One of the reasons that the Rural Health Care program was expanded was because during the prior operation of the program funding never approached the 400 million dollars available annually. The program adopted pursuant to the Order provides an excellent opportunity for rural, non-rural, and even for-profit HCPs to form consortia that will reduce the cost of using broadband facilities for health care purposes. The Order also provides an excellent opportunity for providers of broadband services to expand the reach of their facilities to interconnect rural and non-rural HCPs.

If you would like to know more about the Order, or how to form a qualified consortium, please contact Mark Palchick or Rebecca Jacobs at Womble Carlyle Sandridge and Rice.

Womble Carlyle client alerts are intended to provide general information about significant legal developments and should not be construed as legal advice regarding any specific facts and circumstances, nor should they be construed as advertisements for legal services.
IRS CIRCULAR 230 NOTICE:  To ensure compliance with requirements imposed by the IRS, we inform you that any U.S. tax advice contained in this communication (or in any attachment) is not intended or written to be used, and cannot be used, for the purpose of (i) avoiding penalties under the Internal Revenue Code or (ii) promoting, marketing or recommending to another party any transaction or matter addressed in this communication (or in any attachment)


Saturday, January 5, 2013, 11:03 AM

There’s an app for that (cough)?

It’s only a matter of time before mobile apps are used in the healthcare industry, and to a significant extent.  What does this mean for healthcare real estate development?  “Smarter”, more high tech buildings?  A reduction in patient days per square foot?  Will there be a shift in the type of facilities needed (e.g., more call centers)? 

2013 could be an exciting year in healthcare real estate.  No matter how you dissect it, there will be changes that those in the healthcare real estate arena will have to seriously consider (e.g., the Affordable Care Act, changes in technology), or risk being left behind….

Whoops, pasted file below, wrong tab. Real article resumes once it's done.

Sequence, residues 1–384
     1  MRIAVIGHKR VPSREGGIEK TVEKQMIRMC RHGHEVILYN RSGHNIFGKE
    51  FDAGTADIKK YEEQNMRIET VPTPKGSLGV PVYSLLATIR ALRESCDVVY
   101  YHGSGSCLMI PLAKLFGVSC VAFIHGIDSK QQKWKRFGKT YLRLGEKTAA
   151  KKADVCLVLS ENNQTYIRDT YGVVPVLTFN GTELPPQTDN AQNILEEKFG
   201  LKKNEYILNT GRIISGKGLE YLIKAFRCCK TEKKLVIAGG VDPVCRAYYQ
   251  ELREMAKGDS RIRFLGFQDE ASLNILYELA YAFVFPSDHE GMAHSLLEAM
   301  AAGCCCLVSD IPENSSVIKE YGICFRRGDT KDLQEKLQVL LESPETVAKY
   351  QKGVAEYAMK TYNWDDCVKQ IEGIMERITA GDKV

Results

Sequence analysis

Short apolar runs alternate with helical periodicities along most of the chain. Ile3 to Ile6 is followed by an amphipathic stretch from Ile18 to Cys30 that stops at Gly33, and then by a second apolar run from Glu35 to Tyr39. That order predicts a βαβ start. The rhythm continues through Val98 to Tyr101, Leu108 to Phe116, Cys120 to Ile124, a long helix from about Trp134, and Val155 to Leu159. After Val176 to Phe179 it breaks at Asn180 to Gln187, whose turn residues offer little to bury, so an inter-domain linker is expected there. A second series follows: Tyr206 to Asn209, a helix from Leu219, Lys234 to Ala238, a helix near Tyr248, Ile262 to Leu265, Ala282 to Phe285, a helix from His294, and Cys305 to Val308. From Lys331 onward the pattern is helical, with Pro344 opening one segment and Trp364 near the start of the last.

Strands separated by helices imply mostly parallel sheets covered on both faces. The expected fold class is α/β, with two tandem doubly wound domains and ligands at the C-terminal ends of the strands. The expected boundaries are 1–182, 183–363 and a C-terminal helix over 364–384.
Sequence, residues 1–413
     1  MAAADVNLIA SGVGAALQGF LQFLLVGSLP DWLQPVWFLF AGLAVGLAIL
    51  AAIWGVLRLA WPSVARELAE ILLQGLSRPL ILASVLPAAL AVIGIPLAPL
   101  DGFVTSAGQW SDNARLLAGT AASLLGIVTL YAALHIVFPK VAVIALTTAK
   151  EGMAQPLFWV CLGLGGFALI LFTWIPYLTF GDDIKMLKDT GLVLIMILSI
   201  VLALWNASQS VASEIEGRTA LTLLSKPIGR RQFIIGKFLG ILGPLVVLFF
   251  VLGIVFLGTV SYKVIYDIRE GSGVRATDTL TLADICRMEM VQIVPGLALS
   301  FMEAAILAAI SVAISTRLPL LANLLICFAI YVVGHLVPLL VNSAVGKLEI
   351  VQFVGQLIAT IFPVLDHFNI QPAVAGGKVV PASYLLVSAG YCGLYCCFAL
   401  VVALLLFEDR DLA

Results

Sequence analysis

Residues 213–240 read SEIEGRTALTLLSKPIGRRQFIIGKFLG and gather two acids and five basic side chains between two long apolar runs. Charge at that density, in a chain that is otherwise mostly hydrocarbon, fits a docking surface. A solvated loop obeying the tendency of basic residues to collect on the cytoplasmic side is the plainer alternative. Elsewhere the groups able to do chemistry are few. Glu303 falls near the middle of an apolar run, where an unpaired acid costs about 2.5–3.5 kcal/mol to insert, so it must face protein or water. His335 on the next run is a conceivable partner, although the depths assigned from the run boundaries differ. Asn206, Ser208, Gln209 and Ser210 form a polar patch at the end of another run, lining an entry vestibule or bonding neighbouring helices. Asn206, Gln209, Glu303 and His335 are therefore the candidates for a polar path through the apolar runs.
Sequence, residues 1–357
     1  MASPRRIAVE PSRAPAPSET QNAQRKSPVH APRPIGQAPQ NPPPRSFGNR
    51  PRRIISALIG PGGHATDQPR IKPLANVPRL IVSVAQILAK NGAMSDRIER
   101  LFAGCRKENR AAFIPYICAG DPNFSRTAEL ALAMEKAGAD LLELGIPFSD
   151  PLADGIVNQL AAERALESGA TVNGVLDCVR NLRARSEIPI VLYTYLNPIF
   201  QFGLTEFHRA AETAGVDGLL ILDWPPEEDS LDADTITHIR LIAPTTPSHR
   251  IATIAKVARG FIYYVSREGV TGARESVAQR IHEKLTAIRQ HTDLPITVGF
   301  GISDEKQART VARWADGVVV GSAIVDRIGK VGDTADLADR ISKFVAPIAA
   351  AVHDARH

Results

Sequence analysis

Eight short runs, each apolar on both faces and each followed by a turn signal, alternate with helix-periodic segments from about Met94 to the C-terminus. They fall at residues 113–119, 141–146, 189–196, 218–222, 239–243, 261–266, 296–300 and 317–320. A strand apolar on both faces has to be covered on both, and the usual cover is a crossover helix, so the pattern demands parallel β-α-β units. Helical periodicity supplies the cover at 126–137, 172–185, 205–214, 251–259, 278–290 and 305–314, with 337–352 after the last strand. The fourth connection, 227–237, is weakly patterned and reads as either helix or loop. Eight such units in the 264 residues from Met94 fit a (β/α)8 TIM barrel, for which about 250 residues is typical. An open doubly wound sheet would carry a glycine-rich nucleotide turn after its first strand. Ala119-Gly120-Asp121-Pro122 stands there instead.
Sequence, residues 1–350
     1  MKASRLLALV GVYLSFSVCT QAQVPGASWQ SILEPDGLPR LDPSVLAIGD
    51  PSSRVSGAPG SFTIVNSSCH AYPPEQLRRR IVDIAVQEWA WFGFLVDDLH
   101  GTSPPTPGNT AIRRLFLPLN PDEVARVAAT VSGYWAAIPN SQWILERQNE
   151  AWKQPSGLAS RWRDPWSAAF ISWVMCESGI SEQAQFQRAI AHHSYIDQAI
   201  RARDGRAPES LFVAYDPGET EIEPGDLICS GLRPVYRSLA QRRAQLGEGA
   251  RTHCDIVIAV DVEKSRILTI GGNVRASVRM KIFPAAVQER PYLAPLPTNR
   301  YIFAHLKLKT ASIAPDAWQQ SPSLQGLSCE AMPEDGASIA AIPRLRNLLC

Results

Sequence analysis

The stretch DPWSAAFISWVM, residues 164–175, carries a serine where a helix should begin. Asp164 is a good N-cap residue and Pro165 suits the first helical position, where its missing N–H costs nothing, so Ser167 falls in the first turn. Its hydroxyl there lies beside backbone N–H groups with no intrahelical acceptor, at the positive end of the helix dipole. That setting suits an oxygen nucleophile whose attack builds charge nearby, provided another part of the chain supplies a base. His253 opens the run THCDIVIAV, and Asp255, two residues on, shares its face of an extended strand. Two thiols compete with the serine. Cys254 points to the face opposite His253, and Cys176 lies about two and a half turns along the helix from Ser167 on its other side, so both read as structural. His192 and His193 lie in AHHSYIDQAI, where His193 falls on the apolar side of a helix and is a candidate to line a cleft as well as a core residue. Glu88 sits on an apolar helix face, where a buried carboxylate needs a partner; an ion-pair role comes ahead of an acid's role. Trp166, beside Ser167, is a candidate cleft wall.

Read more at:

Mobile health in 2013: From the gym to doctor's office

USA Today | By Ki Mae Heussner, GigaOm | Dec 26, 2012

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Friday, January 4, 2013, 12:49 PM

Healthcare Real Estate and the Affordable Care Act

The US Supreme Court has ruled regarding the Affordable Care Act (the “ACA”), and Obama has won a second term in the White House.  Now that much of the big picture uncertainty regarding the ACA is gone, it’s time for healthcare providers, healthcare real estate developers, investors, and other such players in this arena, to move forward with the ACA’s effects in mind.

Below is a link to a reasonably quick read that I think you will find worth your time if you are ready to start thinking about healthcare real estate with the ACA in mind (which you should, if you haven’t already).  Teasers: “Many [healthcare] systems have already taken steps to expand their real estate needs to accommodate this anticipated increased demand for care” and “This uncertainty fueled today’s pent-up demand for medical real estate that is now being released.”

Affordable Care Act boost for medical offices
Dec 22, 2012 | Written by Mark Alexander